Jaguar XK 120 1948 - 1954 - Model history
At the time of "classic" motoring, sports cars represented the spirit and characteristics of the nation in which they were created, and especially the personality of their creators.
Although they originate from the same epochs, their differences between them are still very interesting today. Once upon a time, one of the most specific automotive industries in the world, the British, was full of true automotive values. Whether it was brands or individual models, exceptional vehicles were always made on the island. Unfortunately, many, famous and respected brands, are gone and long forgotten, and among surviving greats, Jaguar has a well-deserved status as a legend. Sir William Layons's label certainly did not deserve such boring and uninventive cars. On the contrary, these vehicles in their time represented the pinnacle of performance, technology and style. One of the few eternal models to celebrate this brand and help it achieve the status it has today is the beautiful athlete Jaguar XK 120. Just before World War II, Jaguar had already acquired the name of a growing luxury sedan and sports model company that had behind a couple of well-priced models.
Unlike the competition that produced extremely expensive and extremely specific cars, Jaguar products were always both reachable and usable without compromising on luxury, individuality and speed. The war interrupted progress, and with its end, Sir Lyons decided to continue where he left off in 1940. Although Jaguar was a Lancaster heavy bomber factory during the war, it quickly returned to vehicle production and already in 1946, the first specimens of new pre-war models reached customers. The plan was to create a brand new sedan with which to actively participate in the market. Because development required several years, a model was needed that would maintain customer attention and support the plant financially. It was therefore decided that a Roadster prototype should be displayed at the Birmingham Motor Show in 1948, which would at least startle up the audience.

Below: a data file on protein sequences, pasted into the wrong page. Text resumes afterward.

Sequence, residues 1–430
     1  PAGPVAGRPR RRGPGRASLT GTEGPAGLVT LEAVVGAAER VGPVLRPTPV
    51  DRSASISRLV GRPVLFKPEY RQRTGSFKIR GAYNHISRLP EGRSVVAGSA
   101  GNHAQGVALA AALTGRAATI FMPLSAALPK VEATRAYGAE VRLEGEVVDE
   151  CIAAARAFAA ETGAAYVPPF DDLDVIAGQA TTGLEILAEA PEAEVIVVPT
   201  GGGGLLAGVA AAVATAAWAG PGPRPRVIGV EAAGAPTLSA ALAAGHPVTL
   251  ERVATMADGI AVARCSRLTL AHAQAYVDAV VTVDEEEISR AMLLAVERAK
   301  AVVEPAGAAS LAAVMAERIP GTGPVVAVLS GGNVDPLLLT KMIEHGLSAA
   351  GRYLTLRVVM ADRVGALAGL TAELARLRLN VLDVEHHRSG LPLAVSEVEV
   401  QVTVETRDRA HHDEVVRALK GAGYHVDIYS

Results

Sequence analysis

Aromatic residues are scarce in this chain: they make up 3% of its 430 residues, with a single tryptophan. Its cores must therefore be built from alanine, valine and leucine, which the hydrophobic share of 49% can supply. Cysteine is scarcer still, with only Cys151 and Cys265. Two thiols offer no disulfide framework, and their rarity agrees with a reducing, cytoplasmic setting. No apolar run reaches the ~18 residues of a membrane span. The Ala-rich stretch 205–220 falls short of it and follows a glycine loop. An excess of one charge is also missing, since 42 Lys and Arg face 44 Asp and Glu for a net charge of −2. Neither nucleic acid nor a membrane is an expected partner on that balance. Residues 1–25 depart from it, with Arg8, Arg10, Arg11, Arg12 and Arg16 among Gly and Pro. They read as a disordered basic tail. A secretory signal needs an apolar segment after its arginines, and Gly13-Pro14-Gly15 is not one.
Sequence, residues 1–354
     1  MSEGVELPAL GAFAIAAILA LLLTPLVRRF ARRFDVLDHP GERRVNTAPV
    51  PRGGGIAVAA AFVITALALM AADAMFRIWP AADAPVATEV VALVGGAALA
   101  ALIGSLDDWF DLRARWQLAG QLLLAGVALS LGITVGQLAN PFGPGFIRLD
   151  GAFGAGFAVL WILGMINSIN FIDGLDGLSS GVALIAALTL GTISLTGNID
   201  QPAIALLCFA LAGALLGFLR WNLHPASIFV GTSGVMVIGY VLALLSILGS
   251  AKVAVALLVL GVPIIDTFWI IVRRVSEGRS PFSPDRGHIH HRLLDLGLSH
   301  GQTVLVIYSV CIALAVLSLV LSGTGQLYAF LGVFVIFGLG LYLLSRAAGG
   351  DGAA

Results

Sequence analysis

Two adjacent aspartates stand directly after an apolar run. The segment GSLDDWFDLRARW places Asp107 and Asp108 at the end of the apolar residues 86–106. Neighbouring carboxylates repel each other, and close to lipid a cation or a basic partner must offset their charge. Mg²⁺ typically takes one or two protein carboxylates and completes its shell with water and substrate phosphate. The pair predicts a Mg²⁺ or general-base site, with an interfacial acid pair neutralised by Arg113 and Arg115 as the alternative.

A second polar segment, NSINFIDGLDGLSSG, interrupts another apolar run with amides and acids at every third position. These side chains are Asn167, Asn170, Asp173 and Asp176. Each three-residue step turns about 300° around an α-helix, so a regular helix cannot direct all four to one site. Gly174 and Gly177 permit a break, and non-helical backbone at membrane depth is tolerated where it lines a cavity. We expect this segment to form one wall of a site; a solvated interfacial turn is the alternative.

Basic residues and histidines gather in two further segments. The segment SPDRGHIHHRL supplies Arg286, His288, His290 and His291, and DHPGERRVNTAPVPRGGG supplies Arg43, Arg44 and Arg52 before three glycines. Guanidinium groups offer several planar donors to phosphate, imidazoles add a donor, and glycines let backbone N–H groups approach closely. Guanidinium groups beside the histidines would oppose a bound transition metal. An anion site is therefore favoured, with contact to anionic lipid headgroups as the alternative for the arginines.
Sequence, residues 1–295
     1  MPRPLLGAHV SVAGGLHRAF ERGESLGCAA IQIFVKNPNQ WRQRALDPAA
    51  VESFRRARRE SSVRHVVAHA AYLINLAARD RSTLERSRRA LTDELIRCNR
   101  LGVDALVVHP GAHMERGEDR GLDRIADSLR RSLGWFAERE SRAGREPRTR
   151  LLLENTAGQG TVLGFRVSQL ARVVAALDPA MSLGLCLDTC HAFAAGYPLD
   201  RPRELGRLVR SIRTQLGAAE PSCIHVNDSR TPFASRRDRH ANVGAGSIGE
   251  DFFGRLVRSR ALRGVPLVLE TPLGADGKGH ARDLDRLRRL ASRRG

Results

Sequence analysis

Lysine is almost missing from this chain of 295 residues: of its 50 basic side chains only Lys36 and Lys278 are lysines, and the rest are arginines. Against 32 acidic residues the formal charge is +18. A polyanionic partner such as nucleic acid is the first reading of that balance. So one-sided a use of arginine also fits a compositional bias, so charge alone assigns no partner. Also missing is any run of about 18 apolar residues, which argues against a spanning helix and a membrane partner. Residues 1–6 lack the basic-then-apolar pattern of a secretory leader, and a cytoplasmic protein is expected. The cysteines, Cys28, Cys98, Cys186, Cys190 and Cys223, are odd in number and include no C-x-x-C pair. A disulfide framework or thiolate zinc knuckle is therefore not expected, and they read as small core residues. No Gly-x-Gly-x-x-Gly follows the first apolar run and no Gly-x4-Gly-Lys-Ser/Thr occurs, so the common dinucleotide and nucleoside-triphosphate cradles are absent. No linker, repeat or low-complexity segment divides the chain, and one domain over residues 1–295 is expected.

The reaction of visitors and the specialized public was amazing and Jaguar employees received a huge number of orders during the fair, although they did not know if the car would be produced at all. Seeing that they had a potential large-scale bestseller in their hands, Sir Lyons and the team decided to start production immediately. The fair model had an aluminum body and many expensive details, which according to the original plan were to remain in production. However, when the number of already paid cars was seen, it was decided that the bodies would be made of steel, all with the aim of faster production. However, the first 259 specimens had a rare aluminum casing. The new model is called XK 120 where the letter "X" (experimental) indicates the nature of the engine, while the number symbolizes the maximum speed in miles (120 mph - 190 km / h).
Specifically, it is a test six-cylinder engine created during the war during the long hours of night duty at airports. The volume was 3.4 liters and this unit featured a two camshaft solution in the head. He used two SU carburetors and had, at the time, great, 160 hp. At the same time, this engine is very important, because after successful baptism in this model over the next forty years will be the backbone of Jaguar motorization, in a more or less modified form. The shortened chassis of the planned MK VII, which is covered by a body with one of the most beautiful shapes in the automotive world, was taken as the basis. When the sale began, three versions were introduced: the Jaguar XK 120 roadster OTC (Open Two Seats), which was more sporty, with two small windscreens and no roof, the Jaguar XK 120 DHC (Drop Head Coupe) classic convertible and the Jaguar XK 120 FHC (Fixed Head Coupe) which was a closed variant.
The market responded admirably to the new model Jaguar and was immediately ranked among the best post-war sports cars. Although comfort and ergonomics were somewhat neglected in the first examples, buyers did not rebel and sales were high in Europe and the US. This market was particularly interesting because it brought in the necessary profits needed to survive on the scene in the crisis of the 120s. That is why the models intended for export also had optional automatic transmissions and more interior luxury. Considering the sporting nature of the XK 1950, it almost immediately began proving it on the track. Initially, it was solely in the hands of private teams or individuals, and so the victory in the famous Mille Miglia XNUMX race was achieved.